North Korea is estimated to have up to 60 nuclear bombs in its arsenal, the U.S. Army said in a report published last month, noting that leader Kim Jong Un is unlikely to give them up in order to protect his regime.
The Department of the Army Headquarters published a report in July titled North Korean Tactics, which outlined North Korea’s combat operations, functional tactics, and military structure, among other assessments.
The report said that North Korea may have the world’s third-largest chemical weapons stockpile, estimated to be between 2,500 and 5,000 tons. It added that North Korea is believed to have accumulated 20 to 60 nuclear bombs, “with the capability to produce 6 new devices each year.”
Pyongyang is unlikely to give up these weapons in order to protect the Kim family regime, the U.S. military said, adding that North Korean leadership does not want to suffer the same fate as Libya's Muammar Gaddafi, who agreed to give up his country’s nuclear weapons in 2003 and was ultimately overthrown and killed by rebel forces.
“North Korea sought nuclear weapons because its leaders thought the threat of a nuclear attack would prevent other countries from contemplating a regime change," the report said.
The U.S. Army added that North Korea has a “long-standing chemical weapons program with the capability to produce nerve, blister, blood and choking agents,” including the extremely toxic sarin nerve agent. It added that Pyongyang is “highly likely” to use chemical artillery shells.
North Korea is not a signatory to the Chemical Weapons Conventions, an international arms control agreement that outlaws production, stockpiling, and use of chemical weapons.
The U.S. military also expressed concerns that North Korea “possibly has weaponized anthrax or smallpox” that could be mounted on missiles and used against enemy targets like the U.S., Japan, or South Korea. It noted that a recent North Korean defector—a North Korean soldier—had been vaccinated against anthrax.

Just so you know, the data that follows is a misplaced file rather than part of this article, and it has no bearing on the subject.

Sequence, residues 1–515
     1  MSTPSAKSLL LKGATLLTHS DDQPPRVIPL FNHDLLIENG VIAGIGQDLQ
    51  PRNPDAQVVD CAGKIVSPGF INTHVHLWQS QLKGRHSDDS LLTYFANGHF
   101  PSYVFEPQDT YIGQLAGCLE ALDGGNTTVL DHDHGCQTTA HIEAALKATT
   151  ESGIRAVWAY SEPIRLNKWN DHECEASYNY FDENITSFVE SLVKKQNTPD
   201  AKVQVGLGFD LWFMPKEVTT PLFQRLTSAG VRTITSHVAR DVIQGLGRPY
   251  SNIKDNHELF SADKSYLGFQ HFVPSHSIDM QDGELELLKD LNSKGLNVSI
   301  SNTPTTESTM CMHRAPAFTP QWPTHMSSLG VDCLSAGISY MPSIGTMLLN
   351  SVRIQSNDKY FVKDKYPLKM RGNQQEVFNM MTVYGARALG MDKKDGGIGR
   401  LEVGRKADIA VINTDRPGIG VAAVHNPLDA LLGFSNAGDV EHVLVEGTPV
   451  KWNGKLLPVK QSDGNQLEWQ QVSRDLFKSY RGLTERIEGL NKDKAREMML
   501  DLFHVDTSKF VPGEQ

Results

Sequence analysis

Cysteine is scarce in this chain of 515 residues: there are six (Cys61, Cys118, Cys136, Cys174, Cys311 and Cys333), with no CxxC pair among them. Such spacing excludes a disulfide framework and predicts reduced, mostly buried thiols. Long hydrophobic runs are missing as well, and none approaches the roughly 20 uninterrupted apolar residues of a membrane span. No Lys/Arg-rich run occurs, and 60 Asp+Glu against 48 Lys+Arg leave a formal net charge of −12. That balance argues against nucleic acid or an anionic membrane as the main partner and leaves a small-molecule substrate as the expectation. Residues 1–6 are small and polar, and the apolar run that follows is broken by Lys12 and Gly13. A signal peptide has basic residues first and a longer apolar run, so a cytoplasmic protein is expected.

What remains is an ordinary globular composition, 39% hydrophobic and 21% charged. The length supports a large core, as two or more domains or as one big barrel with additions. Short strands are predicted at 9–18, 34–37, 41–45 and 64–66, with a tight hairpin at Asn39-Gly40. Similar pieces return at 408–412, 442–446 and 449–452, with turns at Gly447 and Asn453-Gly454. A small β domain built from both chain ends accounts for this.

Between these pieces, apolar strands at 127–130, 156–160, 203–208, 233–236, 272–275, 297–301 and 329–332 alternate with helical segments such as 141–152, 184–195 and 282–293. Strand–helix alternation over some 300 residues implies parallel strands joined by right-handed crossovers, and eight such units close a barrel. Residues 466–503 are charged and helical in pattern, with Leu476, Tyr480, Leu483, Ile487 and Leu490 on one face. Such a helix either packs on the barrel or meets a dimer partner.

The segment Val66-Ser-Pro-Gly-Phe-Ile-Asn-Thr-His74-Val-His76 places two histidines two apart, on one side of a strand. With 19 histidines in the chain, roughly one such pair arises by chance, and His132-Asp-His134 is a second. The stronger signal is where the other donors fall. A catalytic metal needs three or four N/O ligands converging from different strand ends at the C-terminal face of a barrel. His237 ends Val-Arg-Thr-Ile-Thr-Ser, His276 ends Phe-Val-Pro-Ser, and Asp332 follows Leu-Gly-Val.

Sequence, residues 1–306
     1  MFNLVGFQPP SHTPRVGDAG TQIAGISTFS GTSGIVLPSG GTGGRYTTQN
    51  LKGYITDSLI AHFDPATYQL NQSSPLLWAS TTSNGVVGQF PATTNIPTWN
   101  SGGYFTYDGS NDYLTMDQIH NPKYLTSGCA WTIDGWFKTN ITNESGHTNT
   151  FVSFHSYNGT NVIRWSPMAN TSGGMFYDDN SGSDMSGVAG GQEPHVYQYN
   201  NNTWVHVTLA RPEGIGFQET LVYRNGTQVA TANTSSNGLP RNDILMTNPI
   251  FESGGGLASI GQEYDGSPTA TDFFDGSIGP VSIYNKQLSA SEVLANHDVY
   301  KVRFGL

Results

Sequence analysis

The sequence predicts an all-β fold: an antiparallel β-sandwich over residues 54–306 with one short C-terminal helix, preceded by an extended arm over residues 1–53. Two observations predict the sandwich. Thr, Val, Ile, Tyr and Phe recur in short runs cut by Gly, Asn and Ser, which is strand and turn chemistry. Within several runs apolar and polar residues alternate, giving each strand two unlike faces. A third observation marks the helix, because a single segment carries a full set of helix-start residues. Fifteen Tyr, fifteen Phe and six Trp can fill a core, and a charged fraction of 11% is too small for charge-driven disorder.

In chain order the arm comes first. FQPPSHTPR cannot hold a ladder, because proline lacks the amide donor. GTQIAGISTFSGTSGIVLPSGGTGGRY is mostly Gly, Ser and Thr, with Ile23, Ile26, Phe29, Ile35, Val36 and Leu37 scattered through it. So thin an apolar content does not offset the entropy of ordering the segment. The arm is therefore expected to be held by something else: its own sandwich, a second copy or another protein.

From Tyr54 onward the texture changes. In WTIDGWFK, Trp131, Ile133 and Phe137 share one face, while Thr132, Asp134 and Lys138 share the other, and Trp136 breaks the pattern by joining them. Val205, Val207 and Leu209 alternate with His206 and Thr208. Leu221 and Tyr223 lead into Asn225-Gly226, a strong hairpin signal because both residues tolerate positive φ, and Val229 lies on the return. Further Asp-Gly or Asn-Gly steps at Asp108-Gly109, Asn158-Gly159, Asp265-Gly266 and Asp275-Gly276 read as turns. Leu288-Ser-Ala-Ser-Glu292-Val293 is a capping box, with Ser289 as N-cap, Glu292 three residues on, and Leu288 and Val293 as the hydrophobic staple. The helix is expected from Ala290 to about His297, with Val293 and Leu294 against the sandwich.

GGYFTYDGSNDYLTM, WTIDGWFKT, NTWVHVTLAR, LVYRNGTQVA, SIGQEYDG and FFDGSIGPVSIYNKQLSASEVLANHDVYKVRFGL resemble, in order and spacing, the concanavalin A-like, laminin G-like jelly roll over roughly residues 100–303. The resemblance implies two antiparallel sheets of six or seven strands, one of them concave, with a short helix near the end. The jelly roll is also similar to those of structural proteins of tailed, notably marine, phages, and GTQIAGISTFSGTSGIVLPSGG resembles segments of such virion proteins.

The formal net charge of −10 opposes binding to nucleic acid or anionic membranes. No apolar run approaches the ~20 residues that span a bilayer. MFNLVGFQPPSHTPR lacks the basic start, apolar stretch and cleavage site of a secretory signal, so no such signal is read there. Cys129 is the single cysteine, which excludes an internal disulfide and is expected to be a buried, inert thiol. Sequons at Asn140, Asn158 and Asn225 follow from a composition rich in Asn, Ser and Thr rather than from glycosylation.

“Only one kilogram (2.2 lbs) of anthrax could kill up to 50,000 people in Seoul,” the report added.
North Korea is also believed to have amplified its cyber warfare capabilities in recent years and is estimated to have over 6,000 hackers who are mostly based overseas.
The Stockholm International Peace Research Institute compiled a similar report in June estimating that North Korea had 30 to 40 nuclear warheads.
Cho Myong-gyon, the former South Korean Minister of Unification, estimated in 2018 that North Korea had 20 to 60 nuclear weapons.
The U.S. Army report comes at a time when talks between North Korea and the U.S. remain at an impasse.
U.S. President Donald Trump and North Korea’s Kim met on two occasions to discuss denuclearization—first in Singapore in June 2018 and again in Hanoi in February 2019—though talks ended without an agreement.
In December 2019, North Korea’s top envoy said denuclearization is off the table and asserted that lengthy talks with the U.S. are no longer needed.